You’ll be aware that we have an online shop, as well as totally-free-to-access websites like OnlineItalianClub.com and EasyItalianNews.com. The shop pays the bills for the free content. It’s a separate site, in part so people don’t get confused, and in part for technical reasons (the software setup varies, for example.)
And where there’s a shop, there are, sometimes ‘reviews’.
Most people don’t bother to leave a review, unfortunately, but the ones that do tend to be very, very positive, which (having an analytical mindset) worries me somewhat.
What if, I ask myself, all the people that hated our stuff chose not to leave a review, perhaps because they were so nice, and didn’t want to be unkind?
Worse, what if everyone else, seeing mostly five-star reviews on our lesson and ebook products, comes to the conclusion that I simply refuse to publish the negative ones, so can’t be trusted?
Either way, the whole reviews thing would be pointless, right? Personally, I ALWAYS read reviews before buying something from an unknown vendor, less so with people I already trust.
Anyway, that’s why I find myself rubbing my hands with glee when some ill-intentioned or careless buyer actually DOES leave a crappy review. “Whew!” I say to myself, “that’ll make all the five-star ones below look so much more credible!”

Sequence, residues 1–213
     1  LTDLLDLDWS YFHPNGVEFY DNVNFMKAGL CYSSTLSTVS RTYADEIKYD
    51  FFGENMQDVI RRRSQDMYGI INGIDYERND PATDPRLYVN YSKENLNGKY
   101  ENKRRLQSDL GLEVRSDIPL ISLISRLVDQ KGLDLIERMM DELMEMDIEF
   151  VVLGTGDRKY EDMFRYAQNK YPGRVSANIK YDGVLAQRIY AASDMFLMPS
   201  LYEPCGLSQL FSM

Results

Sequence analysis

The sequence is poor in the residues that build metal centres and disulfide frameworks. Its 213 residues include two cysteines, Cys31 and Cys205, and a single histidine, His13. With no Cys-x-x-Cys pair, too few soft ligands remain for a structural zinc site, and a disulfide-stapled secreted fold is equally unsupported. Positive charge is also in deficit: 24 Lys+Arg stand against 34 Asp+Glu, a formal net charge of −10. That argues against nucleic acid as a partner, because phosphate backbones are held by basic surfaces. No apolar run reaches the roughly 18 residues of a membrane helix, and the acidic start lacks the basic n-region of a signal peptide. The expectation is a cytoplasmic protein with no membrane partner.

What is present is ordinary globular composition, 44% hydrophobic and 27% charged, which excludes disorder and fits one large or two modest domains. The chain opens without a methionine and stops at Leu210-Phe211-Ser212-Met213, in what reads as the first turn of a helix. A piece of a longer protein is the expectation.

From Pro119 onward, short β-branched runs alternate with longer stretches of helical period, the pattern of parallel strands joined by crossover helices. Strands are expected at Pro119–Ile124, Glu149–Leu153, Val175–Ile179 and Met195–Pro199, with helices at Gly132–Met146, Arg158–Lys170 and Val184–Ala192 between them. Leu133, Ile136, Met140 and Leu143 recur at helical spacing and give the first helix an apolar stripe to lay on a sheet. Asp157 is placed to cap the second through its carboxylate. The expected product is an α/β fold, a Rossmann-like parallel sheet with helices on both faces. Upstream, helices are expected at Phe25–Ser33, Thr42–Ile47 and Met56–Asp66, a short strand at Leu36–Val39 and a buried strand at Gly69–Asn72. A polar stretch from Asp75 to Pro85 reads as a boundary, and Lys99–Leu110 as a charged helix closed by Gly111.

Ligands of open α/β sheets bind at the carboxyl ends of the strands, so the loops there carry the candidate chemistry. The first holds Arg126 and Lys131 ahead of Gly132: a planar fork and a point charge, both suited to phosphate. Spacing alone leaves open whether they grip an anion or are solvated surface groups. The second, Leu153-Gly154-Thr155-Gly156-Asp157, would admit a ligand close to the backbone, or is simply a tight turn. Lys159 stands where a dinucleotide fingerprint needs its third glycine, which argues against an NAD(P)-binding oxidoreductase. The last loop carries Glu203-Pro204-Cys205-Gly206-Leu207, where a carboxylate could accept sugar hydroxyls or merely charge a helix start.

E poi, people reading a negative review are naturally going to be making judgements about whether there’s truth to it or not, weighing up whether there’s risk to buying the same product. Or perhaps they’re simply looking for information, or like reading reviews.
Whatever, the two-star reviewer writes something like, yes, well this was OK, I quite enjoyed it, but it’s way overpriced! How do you have the bare-faced cheek to charge people so much for what’s clearly so little? It’s a rip-off, and people should know!
Indeed they should, and will, as I NEVER screen out negative reviews and sometimes actively encourage people to leave them (as I’m doing now.) Got a grouch about something you downloaded free from our site, or actually parted with money for? Do, please, please, please, respond to our automated ‘please review’ email with said moan. Share!